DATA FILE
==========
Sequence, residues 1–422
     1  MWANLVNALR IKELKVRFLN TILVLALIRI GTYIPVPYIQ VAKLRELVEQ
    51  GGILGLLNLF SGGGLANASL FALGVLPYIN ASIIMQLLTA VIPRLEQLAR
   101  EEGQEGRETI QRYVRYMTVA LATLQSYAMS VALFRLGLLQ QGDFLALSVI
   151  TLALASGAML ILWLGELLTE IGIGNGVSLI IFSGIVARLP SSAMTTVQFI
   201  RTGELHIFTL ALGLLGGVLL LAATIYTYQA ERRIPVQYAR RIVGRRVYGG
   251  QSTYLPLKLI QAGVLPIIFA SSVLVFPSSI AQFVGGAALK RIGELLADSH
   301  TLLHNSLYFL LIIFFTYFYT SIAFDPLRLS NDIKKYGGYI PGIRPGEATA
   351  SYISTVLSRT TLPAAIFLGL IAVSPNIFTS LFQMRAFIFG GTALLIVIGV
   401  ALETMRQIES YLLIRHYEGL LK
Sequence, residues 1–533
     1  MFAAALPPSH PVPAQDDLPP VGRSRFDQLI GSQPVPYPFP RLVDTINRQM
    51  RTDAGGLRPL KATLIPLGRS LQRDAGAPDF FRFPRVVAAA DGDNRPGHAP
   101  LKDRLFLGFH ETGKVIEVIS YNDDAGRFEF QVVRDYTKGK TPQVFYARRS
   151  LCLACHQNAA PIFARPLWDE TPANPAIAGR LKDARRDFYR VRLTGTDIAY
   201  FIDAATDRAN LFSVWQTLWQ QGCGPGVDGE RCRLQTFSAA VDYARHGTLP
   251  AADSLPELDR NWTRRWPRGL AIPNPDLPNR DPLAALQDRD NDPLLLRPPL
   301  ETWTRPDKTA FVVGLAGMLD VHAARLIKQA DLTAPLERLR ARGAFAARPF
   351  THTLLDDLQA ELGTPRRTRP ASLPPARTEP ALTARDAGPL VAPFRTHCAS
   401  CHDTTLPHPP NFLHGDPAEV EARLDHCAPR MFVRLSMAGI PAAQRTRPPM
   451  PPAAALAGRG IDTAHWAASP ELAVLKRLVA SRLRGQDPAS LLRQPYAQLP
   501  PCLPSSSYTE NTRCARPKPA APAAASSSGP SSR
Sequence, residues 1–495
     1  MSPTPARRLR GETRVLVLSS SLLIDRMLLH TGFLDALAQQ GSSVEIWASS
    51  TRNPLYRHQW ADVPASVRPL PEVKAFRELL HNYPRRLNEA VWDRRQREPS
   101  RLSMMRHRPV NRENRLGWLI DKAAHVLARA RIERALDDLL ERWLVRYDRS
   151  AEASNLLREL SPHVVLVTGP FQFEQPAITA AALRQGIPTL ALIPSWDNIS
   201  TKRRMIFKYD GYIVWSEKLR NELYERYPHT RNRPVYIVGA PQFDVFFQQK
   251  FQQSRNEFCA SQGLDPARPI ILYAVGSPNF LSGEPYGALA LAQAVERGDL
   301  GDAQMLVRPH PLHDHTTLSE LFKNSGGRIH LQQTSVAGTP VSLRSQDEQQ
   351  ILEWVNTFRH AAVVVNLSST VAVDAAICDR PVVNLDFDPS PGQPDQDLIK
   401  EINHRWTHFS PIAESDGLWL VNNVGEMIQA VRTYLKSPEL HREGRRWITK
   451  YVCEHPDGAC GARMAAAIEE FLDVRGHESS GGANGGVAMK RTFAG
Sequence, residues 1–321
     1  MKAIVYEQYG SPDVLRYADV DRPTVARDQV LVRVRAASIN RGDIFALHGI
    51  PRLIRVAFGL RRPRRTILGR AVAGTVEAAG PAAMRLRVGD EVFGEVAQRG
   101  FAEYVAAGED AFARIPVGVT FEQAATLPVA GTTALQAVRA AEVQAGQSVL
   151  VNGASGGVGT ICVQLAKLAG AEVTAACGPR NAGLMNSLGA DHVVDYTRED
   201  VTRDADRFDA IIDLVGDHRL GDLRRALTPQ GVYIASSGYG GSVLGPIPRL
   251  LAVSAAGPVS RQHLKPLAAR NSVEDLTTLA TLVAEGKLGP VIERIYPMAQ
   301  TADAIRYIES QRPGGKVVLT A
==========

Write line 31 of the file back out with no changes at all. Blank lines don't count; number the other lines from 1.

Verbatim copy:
   351  ILEWVNTFRH AAVVVNLSST VAVDAAICDR PVVNLDFDPS PGQPDQDLIK